The relation between environmental concerns and the illicit drug economy is increasingly recognized and addressed in the international drug policy debate. New opportunities to foster environmental and biodiversity conservation aspects within the framework of “green” Alternative Development (AD) policies have been emerging, with the private sector being an important player. Climate finance instruments can help to incentivize new community-based projects that simultaneously store carbon and deliver livelihood benefits. One instrument increasingly being used to offer additional income opportunities for small-scale farmers in AD projects, are “Payments for Environmental Services” (also known as Payments for Ecosystem Services or PES). These are payments made to farmers or landowners who agree to take specific actions to manage their land or watershed to provide environmental services. PES is a market-based instrument that is increasingly used to finance and incentivize conservation.
In this context, the third COPOLAD III webinar on “Alternative Development & the Environment” was organized by the Deutsche Gesellschaft für Internationale Zusammenarbeit (GIZ) GmbH on behalf of the German Federal Ministry for Economic Cooperation and Development (BMZ) in cooperation with Executive Secretariat of the Inter-American Drug Abuse Commission (ES-CICAD/OAS) on 15 December 2022. 17 Latin American and Caribbean countries and nearly 70 participants from government institutions, international organizations, and the private sector participated in the event which focused on the role of the private sector in “green” AD. Welcome remarks were given by the Benjamin Seidel, Senior Policy Officer at the Federal Ministry for Economic Cooperation and Development (BMZ) and Antonio Lomba, Chief of the Institutional Strengthening Unit at the Executive Secretariat of the Inter-American Drug Abuse Commission (ES-CICAD/OAS).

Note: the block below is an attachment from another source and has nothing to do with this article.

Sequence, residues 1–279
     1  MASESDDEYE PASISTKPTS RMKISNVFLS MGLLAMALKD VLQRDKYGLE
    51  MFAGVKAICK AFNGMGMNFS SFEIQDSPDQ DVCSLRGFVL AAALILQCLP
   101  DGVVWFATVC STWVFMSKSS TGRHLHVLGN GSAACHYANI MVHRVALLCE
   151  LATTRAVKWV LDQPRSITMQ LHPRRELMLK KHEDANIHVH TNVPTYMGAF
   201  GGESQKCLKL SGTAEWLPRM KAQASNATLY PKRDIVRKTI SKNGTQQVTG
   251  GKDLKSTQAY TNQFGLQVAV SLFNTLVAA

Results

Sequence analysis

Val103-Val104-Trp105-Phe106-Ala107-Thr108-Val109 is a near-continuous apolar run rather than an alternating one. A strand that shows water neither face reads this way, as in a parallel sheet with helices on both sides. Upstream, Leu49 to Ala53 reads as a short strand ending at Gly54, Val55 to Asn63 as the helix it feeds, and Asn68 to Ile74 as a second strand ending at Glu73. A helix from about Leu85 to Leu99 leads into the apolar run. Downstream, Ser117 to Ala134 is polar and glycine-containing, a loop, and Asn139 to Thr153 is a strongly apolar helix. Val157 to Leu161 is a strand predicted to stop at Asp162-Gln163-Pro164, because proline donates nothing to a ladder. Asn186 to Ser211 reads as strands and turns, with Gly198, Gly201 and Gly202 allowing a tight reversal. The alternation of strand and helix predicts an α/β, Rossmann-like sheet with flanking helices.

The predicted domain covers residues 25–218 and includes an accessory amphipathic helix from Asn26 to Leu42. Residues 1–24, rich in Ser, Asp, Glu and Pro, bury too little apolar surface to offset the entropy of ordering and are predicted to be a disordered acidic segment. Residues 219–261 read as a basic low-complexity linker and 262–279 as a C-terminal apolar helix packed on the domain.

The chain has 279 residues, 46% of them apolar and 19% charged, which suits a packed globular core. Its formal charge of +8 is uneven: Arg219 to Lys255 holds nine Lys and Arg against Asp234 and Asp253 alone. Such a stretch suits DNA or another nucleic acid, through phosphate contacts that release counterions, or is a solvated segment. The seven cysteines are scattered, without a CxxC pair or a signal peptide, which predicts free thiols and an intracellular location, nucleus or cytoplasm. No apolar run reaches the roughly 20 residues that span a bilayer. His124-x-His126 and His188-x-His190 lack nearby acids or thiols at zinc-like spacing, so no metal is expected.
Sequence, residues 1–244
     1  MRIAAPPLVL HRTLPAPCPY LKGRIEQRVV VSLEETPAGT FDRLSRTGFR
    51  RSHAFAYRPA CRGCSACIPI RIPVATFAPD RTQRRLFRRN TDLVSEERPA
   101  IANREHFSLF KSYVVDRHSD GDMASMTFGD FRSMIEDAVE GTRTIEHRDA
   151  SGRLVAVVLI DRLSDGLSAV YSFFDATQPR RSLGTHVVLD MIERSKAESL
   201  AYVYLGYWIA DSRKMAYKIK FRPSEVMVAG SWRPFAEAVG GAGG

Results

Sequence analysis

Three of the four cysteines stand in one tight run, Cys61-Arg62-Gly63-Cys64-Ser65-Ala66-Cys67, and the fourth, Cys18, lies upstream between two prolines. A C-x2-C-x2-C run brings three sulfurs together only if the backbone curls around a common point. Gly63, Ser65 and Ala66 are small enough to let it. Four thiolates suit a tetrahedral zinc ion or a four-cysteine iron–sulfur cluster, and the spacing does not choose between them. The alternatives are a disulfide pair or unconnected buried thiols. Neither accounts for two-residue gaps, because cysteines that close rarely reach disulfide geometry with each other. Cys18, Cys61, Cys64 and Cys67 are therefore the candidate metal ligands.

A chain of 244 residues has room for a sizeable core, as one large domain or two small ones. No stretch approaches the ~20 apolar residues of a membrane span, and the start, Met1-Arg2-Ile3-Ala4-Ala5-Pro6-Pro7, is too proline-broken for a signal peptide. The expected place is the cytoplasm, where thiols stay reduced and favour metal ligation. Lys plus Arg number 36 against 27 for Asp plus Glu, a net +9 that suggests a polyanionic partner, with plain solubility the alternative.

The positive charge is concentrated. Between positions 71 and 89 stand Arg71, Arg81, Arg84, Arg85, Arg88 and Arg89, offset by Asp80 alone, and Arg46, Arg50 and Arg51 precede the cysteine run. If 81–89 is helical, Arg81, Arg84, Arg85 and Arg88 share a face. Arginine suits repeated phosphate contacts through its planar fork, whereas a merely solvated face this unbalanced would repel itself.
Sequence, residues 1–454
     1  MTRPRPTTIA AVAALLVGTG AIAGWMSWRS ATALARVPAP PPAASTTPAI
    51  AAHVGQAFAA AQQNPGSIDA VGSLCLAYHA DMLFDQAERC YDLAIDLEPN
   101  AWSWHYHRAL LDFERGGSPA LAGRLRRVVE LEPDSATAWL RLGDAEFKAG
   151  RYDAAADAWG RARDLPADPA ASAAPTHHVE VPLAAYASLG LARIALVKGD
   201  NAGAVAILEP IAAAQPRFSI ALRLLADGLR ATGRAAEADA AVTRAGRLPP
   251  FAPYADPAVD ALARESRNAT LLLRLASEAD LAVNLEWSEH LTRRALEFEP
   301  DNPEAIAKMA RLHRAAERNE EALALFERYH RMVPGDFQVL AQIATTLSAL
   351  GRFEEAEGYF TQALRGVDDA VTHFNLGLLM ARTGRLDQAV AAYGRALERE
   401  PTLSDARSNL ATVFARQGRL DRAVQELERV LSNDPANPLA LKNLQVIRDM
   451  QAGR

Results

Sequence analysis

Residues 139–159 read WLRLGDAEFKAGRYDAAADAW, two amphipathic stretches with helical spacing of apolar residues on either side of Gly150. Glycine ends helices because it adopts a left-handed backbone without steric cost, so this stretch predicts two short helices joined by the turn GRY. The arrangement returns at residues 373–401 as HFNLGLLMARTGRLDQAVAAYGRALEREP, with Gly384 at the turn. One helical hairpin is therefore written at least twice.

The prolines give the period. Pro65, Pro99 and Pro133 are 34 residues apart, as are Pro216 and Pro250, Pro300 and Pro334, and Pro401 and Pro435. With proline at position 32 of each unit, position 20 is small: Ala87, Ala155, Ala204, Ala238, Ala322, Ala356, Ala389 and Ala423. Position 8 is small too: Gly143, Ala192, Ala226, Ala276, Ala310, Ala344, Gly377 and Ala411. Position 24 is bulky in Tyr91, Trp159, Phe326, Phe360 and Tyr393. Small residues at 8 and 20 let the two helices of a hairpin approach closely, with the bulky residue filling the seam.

How can the private sector contribute to environmental protection in the context of AD? To discuss this question, the keynote speech about “Forest carbon credit management for community sustainability” was given by Patawee Tangkwa Chotkirativech, Senior Manager at the International Outreach Program of the Mae Fah Luang Foundation under Royal Patronage in Thailand.
The first session then explored direct coffee trade as an Alternative Development strategy. Lennart Clerkx, Founder of This Side Up Coffees and Juan Pablo Lasso Argote, Founder of Argote Specialty Coffee gave insights into their coffee cooperation. They outlined the importance of giving farmers financial security in order to gain trust before advancing to environmental commitments. Miguel Ortega, Specialized Advisor at GPDPD (GIZ) commented on the input and contextualized GIZ’s contributions to the endeavor in Colombia.
The second session highlighted nature- based climate solutions as a means to connect financial capital to social and environmental capital. The presentation by Adriana Henao, Principal of Partner Sourcing at Terra Global Capital was commented by Antonio Lomba, Chief of the Institutional Strengthening Unit at ES-CICAD/OAS.
In the Q&A sessions, interesting discussions about the importance of public private partnerships in achieving sustainable environmental protection and concepts such as PES emerged. LAC countries used the opportunity to share experiences of their countries. Finally, the Peruvian delegation announced their presidency of the CICAD Group of Experts on Comprehensive and Sustainable Alternative Development (GEDAIS).
Discussions will continue in the GIZ-led Working Group on Alternative Development and during the fourth and final webinar of the series on “AD & the Environment”.